The term arthritis literally means inflammation of a joint, but is generally used to describe any condition in which there is damage to the cartilage. Inflammation is the body’s natural response to injury. The warning signs that inflammation presents are redness, swelling, heat and pain.

The cartilage is a padding that absorbs stress. The proportion of cartilage damage and synovial inflammation varies with the type and stage of arthritis. Usually the pain early on is due to inflammation. In the later stages, when the cartilage is worn away, most of the pain comes from the mechanical friction of bone rubbing on bone or roughened cartilage.

There are many different types of arthritic joint disease. The most common are:

Osteoarthritis: Osteoarthritis is also called degenerative joint disease; this is the most common type of arthritis, which occurs more frequently as we age. This condition affects cartilage, the tissue that cushions and protects the ends of bones in a joint. With osteoarthritis, the cartilage starts to wear away. In extreme cases, the cartilage can completely wear away, leaving nothing to protect the bones in a joint, causing bone-on-bone contact. Bones may also bulge, or stick out at the edges of a joint, called a bone spur.

Osteoarthritis causes joint pain and can limit a person’s normal range of motion (the ability to freely move and bend a joint). When severe, the joint may lose increasing movement, causing a person to become disabled. Disability most often happens when the disease affects the spine, Knees, and Hips.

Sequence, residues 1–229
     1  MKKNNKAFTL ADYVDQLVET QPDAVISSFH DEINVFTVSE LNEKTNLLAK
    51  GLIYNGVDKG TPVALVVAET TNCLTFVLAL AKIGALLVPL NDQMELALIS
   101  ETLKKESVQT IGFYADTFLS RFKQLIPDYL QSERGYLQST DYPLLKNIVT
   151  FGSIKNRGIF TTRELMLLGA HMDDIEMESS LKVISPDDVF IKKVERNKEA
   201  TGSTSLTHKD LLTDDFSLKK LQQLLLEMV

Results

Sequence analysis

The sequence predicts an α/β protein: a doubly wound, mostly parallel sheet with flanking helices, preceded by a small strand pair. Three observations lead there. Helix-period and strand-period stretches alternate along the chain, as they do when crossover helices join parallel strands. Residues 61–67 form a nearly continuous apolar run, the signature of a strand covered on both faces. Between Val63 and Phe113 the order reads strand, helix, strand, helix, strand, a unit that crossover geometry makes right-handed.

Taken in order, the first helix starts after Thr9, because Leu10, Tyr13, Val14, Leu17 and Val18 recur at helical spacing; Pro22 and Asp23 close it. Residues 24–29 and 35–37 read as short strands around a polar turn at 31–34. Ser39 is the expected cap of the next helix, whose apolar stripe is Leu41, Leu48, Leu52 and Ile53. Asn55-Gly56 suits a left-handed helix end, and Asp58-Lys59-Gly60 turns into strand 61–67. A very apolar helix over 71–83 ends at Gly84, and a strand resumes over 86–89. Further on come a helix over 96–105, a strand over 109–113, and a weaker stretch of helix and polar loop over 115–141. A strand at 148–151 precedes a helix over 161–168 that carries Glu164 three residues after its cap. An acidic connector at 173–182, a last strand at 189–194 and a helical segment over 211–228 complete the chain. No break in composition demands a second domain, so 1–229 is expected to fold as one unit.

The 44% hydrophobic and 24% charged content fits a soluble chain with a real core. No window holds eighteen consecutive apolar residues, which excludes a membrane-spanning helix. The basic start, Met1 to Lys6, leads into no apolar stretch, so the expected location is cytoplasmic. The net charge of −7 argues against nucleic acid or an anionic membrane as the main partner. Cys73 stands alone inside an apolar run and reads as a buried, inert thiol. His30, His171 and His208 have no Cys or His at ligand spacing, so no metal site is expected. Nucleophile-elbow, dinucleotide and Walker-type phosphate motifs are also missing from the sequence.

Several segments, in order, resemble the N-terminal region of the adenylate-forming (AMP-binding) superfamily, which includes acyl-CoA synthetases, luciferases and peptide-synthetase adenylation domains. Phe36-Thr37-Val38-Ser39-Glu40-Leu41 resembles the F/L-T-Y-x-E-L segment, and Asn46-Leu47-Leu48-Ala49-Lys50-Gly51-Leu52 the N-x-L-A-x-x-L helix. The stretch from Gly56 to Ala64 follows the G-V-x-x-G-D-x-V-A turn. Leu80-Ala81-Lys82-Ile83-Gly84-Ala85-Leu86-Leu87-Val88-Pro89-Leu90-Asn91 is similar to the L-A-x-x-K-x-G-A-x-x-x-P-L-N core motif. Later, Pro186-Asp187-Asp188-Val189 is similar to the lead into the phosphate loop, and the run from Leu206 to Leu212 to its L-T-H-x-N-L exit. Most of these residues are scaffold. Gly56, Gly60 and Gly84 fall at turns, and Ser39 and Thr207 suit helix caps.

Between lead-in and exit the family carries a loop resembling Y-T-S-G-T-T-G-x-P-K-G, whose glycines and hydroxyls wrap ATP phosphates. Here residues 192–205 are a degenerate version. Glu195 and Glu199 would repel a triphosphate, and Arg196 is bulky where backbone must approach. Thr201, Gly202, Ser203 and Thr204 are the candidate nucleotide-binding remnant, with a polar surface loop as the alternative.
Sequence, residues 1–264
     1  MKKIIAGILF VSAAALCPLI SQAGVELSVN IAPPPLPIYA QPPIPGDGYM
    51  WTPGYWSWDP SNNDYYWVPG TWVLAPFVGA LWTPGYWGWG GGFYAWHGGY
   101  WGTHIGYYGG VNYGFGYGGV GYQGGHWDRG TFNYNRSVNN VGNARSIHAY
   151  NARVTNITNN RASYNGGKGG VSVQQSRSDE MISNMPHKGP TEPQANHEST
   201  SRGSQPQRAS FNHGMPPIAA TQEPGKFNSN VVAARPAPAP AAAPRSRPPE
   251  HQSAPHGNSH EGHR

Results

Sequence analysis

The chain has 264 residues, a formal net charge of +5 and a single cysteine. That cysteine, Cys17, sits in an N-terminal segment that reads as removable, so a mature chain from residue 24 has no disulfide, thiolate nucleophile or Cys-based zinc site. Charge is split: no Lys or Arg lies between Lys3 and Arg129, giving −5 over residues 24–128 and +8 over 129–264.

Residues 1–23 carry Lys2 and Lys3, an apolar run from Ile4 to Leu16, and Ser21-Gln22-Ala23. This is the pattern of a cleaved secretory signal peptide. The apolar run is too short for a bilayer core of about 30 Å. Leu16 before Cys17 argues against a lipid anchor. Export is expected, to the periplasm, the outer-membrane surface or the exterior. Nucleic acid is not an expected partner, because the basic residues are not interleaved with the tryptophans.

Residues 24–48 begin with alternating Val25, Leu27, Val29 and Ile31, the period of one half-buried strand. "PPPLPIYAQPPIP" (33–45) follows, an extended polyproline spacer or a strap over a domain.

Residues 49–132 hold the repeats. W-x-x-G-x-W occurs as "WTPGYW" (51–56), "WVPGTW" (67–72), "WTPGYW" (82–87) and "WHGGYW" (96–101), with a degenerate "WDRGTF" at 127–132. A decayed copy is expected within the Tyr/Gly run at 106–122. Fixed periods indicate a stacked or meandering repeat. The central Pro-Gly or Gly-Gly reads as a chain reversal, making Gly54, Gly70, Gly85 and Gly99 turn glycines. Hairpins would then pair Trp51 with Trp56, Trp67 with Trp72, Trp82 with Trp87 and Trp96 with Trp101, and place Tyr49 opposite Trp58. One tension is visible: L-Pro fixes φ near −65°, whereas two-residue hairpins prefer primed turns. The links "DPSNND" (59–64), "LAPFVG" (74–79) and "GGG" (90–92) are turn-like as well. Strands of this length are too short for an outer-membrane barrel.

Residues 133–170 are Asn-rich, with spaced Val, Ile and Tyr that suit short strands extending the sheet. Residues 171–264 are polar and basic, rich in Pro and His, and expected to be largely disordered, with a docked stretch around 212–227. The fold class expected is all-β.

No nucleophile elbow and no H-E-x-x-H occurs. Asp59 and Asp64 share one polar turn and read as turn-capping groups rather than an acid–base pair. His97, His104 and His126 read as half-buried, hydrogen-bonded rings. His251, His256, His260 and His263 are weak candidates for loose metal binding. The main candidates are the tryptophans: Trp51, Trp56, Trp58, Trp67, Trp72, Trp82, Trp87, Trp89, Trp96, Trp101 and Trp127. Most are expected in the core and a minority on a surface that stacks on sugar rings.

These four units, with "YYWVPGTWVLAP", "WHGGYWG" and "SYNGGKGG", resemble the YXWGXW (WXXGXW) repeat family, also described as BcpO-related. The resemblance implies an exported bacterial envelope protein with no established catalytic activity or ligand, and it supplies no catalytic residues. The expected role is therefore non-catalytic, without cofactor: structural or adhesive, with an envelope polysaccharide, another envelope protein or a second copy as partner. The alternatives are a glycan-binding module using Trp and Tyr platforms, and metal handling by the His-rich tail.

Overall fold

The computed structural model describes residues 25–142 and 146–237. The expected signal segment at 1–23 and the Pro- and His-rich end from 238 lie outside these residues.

Rheumatoid Arthritis: This is an auto-immune disease in which the body’s immune system (the body’s way of fighting infection) attacks healthy joints, tissues, and organs. Occurring most often in women of childbearing age (15-44), this disease causes inflammation of the lining (or synovium) of joints. It can cause pain, stiffness, swelling, and loss of function in joints. When severe, rheumatoid arthritis can deform, or change, a joint. For example, the joints in a person’s finger can become deformed, causing the finger to bend or curve.

Rheumatoid Arthritis affects mostly joints of the hands and feet and tends to be symmetrical. This means the disease affects the same joints on both sides of the body at the same time and with the same symptoms. No other form of arthritis is symmetrical. About two to three times as many women as men have this disease.

Post-traumatic arthritis: Arthritis developing after an injury to the joint is called ‘post-traumatic’ arthritis. The condition may develop years after any trauma such as a fracture, severe sprain, or ligament tears.

Psoriatic arthritis: This form of Arthritis occurs in some patients with psoriasis, a scaling skin disorder, affecting the joints at the ends of the fingers and toes. It can also cause changes in the fingernails and toenails. Back pain may occur if the spine is involved.

Causes of knee arthritis

Osteoarthritis is caused by wear of the cartilage covering the bone ends in the knee joint. This may be due to excessive strain over prolonged periods of time, or due to other joint diseases, injury or deformity. Primary osteoarthritis is commonly associated with ageing and general degeneration of joints.

Secondary osteoarthritis is generally the consequence of another disease or condition, such as repeated trauma or surgery to the knee joint, or abnormal knee joint structures from birth.

Rheumatoid arthritis occurs when the gene responsible for the disease is triggered by infection or environmental factors. With this trigger, the body produces antibodies, the defence mechanism of body, against the joint which results in rheumatoid arthritis.

Fractures at joint surfaces and joint dislocations may predispose an individual to the development of post-traumatic arthritis.

Uric acid crystal build-up is the cause of gout and long-term crystal deposition in the knee joints may cause problems.

Symptoms of arthritis